Slot Machines: The Next Generation Part I
The grandfather of the modern slots, the Liberty Bell slot machine, was developed in California in 1887. Since then the basic premise has stayed the same; three reels, multiple prize symbols per reel, one lever to spin the reels. Originally payouts were given as complimentary items by the bars they were in but as electronic parts replaced the mechanical parts, slot machines started paying out hard cash. Even with that development, the basic idea and design of slot machines didn’t really waver, that is, until the mass-producing of microchips and the widespread use of computer software.
With the proliferation of the micro-processor, most modern slot machines became software based and play like a complicated computer video game. As a matter of fact, I see modern slot machines as the newer cousin to the upright arcade video game. My formative years were all up and down the ’80s. I loved video arcades. My friend Steve and I would search out video arcades in which to play our favorite games like Pac-Man, Ms Pac-Man, Super Mario Bros, Zaxxon, Tecmo Bowl, Street Fighter II, Mortal Kombat, etc, etc. I am, a video game phreak…..a Super-Phreak, if you will. So it should come as no surprise that I am fascinated by the new virtual slots seen in every casino. Not only do they look and play like a video game, they have graphics, sounds and images from popular entertainment like TV and movies. The old 3 reel system has been replaced by virtual playing reels running between 30 and 50 paylines that a user can select. The software and intelligence to run these machines has become intensely complicated. Click here for a really good interview with Michael Shackleford, The Wizard of Odds. He is a slot machine designer and he de-mystifies some ideas you may have about the One-Armed Bandit.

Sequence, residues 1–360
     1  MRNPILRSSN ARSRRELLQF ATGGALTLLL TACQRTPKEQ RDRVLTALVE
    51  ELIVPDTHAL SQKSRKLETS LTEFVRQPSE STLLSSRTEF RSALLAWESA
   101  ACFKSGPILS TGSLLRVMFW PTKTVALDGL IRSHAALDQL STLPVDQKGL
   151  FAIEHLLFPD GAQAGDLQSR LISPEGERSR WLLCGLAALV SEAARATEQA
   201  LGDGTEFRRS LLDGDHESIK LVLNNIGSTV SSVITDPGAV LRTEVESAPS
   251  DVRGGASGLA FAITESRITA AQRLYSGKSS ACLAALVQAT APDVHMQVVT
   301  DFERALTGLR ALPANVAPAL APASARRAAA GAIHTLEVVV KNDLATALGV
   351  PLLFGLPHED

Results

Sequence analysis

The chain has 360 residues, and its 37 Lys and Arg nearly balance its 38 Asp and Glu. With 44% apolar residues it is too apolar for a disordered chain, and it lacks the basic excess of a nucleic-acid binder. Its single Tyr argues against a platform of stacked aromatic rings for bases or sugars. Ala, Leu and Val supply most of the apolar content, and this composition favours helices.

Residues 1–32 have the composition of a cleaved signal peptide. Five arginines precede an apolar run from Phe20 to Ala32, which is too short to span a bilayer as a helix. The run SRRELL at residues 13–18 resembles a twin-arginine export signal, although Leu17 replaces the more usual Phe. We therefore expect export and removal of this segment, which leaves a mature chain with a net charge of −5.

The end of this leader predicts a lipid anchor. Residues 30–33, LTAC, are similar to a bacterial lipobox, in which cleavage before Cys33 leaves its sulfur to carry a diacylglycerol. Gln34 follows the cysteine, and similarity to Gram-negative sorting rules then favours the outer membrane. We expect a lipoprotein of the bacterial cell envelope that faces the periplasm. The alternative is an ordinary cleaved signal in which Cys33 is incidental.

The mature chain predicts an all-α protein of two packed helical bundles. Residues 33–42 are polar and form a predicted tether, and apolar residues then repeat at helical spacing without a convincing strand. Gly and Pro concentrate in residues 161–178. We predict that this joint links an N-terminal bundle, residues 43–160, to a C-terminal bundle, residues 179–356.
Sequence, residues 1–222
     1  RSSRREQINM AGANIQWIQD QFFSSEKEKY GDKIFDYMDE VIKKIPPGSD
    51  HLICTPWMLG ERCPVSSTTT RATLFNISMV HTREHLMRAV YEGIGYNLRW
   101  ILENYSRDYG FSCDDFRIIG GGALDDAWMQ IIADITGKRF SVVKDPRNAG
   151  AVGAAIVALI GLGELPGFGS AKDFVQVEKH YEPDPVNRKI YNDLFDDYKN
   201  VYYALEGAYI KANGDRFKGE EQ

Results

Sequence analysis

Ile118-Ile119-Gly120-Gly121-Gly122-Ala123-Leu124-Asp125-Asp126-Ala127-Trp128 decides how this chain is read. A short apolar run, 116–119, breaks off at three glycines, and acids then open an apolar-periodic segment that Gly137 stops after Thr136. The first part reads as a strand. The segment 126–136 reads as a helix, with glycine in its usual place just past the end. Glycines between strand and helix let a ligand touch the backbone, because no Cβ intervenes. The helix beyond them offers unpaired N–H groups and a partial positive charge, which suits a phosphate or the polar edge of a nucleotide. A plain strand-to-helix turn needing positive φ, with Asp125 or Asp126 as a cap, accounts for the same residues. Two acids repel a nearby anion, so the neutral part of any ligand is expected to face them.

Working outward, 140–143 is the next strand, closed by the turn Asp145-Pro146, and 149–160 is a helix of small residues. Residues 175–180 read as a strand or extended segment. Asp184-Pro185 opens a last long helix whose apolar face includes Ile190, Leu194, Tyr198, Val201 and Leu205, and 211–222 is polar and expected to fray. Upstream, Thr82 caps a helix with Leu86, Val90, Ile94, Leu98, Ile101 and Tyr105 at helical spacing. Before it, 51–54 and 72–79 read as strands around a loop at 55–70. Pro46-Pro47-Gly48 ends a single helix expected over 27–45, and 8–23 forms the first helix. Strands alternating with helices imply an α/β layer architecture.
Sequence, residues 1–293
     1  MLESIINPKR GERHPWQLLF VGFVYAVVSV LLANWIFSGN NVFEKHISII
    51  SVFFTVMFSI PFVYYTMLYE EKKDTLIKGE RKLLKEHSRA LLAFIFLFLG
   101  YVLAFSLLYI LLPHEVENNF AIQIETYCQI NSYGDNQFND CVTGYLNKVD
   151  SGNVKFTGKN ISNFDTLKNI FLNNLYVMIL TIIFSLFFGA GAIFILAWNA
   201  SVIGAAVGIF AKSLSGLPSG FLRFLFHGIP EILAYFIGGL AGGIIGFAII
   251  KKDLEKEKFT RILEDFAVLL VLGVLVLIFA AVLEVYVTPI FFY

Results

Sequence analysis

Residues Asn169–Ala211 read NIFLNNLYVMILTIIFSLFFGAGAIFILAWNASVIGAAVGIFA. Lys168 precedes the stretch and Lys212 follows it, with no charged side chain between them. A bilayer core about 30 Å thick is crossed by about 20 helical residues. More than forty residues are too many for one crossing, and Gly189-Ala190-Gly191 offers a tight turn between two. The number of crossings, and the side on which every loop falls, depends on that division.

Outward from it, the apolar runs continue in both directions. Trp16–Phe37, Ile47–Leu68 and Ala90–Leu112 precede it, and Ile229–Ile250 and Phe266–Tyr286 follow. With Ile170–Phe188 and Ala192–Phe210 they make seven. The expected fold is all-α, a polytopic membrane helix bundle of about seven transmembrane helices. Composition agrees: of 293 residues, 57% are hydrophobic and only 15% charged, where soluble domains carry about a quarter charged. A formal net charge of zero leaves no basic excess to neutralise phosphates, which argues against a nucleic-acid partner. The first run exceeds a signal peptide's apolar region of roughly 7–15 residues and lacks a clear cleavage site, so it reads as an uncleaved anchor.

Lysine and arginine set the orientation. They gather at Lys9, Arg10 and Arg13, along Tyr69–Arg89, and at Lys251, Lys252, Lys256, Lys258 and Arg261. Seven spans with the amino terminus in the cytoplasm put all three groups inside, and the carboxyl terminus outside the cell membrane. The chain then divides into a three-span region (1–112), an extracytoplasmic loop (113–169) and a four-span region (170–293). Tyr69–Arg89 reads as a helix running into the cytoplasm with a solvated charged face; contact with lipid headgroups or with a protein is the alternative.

I’ve been to many different casinos in several different places over the years. Las Vegas, Albuquerque, New Orleans, Atlantic City. During my travels I’ve seen some pretty cool and pretty funny character based machines. I began taking pictures and collecting some of the best. In this 2 part article I’ll show you some of my favorites.
Monty Python & Holy Grail – This is easily one of the best machines I’ve ever played. The graphics and gameplay were phenomenal. I actually didn’t care that I lost 20 bucks playing on it. There are tons of movie clips and quotes that are thrown about you. If you touch certain parts of the screen neat sound effects go off. Lots of fun and one of my favorites. Click the image for a larger pic.
Antique Appraisal – Very interesting slot machine based on the popular tv show Antique Roadshow. The money reels have pictures of appraisers and antique objects on them. So you could conceivably get a pasty-faced man with professor glasses in one reel and a beat up looking armoire in another. The bonus game is interesting too because you have to pick out the most valuable item from a group of antiques. Very wierd premise for a slot machine, but very interesting.
Lucky Larry’s Lobster Mania – This machine rocks. The idea of a slot machine based on the continuing adventures of a lobster by the name of Lucky Larry is patently absurd, but I LOVE IT!!. This typifies many of the silly generic slot machines you will find in big groups on the casino floor, but it’s very cleverly done. Cute characters, lots of colors, subtle theme of one being lucky or having lots of money. This one really makes me laugh because the idea is so random.
Elvis – Being a huge Elvis fan, I had to put this. These are slightly disappointing because they are the old-school three reel slots and not the virtual video game slots. They have Elvis images all over them and some of the reels have guitars and cadillacs on them. I only played about 5 bucks on these because they are labeled Elvis, but the Monty Python slots above were calling my name.
That’s about it for today, I’ll post more pics of my favorite slot machines soon.